Google‘s Chrome has the highest market share among internet browsers. How was Google able to capture the hearts of so many internet users?
In September 2021, Google’s Chrome had a global market share of 65.13%, making it by far the largest browser. Safari comes in second place with a significantly smaller 18.41% and Edge at third with 3.76%. When we break down the market share per platform, we see Google ranks supreme on desktops as well, with a market share of 67.55% followed by Safari with 9.69% and Edge with 8.74%. On mobile Chrome also reigns supreme with a market share of 64.32% and Safari coming back stronger with 24.21% and Samsung Internet with 5.31%. How did Google manage to make Google such a dominant force in the browser market across the biggest platforms? And more importantly why did Google launch Chrome in the first place?
Google’s answer to the browser and the fall of Microsoft
Chrome was launched in 2008, with Google boldly claiming it was a new take on the browser, aiming to improve the web experience for users. Sundar Pichai, then Vice President of Product Management, Google Inc. said about their vision on browsers and their relation to the web, ‘We think of the browser as the window to the web – it’s a tool for users to interact with the web sites and applications they care about, and it’s important that we don’t get in the way of that experience.’ Further saying, ‘Just like the classic Google homepage, Google Chrome has a simple user interface with a sophisticated core to enable the modern web.’
In 2010 Google received a welcome gift from Microsoft, who was obligated to present European Windows users with a browser choice screen as part of settlement concerning antitrust practices. 200 million users would receive the browser choice screen where they select a browser out of 12 suggestions, including Microsoft’s own Internet Explorer. In the same year Google Partnered up with New York based ad agency BBH, who created online viral ads. One of the two viral videos was created to highlight the different Chrome extensions that enable users to customize their browsing experience. A second video promoted the built-in translation function of Google Chrome. London based digital agency Glue, created the accompanying display banner ads.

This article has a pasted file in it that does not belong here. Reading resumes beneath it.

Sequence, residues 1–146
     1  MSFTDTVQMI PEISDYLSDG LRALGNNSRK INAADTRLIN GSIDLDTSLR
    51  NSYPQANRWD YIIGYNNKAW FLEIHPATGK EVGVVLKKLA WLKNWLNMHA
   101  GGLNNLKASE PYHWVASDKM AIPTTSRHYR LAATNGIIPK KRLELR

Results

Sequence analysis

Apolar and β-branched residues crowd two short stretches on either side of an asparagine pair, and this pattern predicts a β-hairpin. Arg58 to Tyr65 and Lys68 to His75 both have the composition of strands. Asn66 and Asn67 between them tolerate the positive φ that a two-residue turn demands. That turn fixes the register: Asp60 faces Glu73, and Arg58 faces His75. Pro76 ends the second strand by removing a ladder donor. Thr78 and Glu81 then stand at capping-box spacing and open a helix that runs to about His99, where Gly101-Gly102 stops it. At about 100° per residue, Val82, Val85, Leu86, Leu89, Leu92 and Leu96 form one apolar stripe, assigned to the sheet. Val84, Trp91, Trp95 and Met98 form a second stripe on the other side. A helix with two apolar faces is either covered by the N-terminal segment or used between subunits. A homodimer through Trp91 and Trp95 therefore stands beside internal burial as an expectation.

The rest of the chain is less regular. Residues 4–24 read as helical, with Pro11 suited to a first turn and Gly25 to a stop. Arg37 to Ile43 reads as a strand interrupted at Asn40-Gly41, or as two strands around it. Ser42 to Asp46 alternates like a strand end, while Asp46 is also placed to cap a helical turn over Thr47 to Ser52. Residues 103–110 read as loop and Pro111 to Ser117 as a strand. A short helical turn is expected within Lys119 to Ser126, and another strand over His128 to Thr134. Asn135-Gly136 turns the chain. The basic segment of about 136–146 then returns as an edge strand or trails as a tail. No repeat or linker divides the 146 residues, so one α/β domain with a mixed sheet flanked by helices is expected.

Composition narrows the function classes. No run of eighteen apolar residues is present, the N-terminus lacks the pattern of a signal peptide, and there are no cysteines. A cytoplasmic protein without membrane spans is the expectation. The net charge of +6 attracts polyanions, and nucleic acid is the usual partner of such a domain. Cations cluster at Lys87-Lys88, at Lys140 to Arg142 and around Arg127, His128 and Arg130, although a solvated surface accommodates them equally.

In 2011, Google chose prime-time television ads to promote the browser. A hefty 90-second ad campaign, called ’the Web is what you make of it’. The New York Times reported that Patrick Pichette, the chief financial officer at Google, said during an earnings call that the browser was an important gateway for the company to engage users with their Google products. Seven years later, in 2018, Google celebrated the 10 year anniversary of the browser with the ‘Don’t be a browser’ campaign in cooperation with Vice spin-off ad agency Virtue. A 60-second commercial was put together with a variety of animated scenes highlighting the different features of the browser such as its tabs feature.
The rise of Android
Another important key factor in the strong growth spurt of Google and its Chrome browser was the launch of the first Android powered smartphone. The OS that was acquired by Google in 2005 for an estimated $50 million, although the exact figure remains unclear. In 2008, the first smartphone with the operating system was launched, called the HTC Dream. T-mobile would be the launch partners in the United States. Ars Technica noted on the announcement, ‘The HTC Dream will undoubtedly be hailed as a major step for Android, and hopefully the straggling carriers will be able to follow up with their own Android toys shortly after T-Mobile’s launch.’ A year later indeed manufacturers started to pick the freely available operating system. Samsung launched the I7500 Galaxy, which was the first Android powered Samsung phone having Youtube and the predecessor of Google Photos on board.
Google was well aware that the mobile market would be the next big growth market
The rise of Android is not a standalone event as it coincides with the introduction of the iPhone in 2007 and the explosive growth of the smartphone market. In 2007, 122 million smartphones were sold. During the debut of Android in 2008, 139 million units were sold to end users. Ten years later, in 2018, an impressive 1.55 billion smartphones were sold, with a dip in 2020 to 1.37 billion. When we look at market share capitalization we can also detect the strong presence of Google’s Android. In 2018, Android had a global market share of 75.16% and iOs 21.98%. In 2020 the market share of Android had declined slightly to 72.48% and iOs made a leap to 26.91%. The development might have seemed like pure coincidence, and even it was, Google was well aware that the mobile market would be the next big growth market and opening up its operating system to manufacturers became an important gateway for consumers to get familiar with the Google product suite of which Chrome is a part of.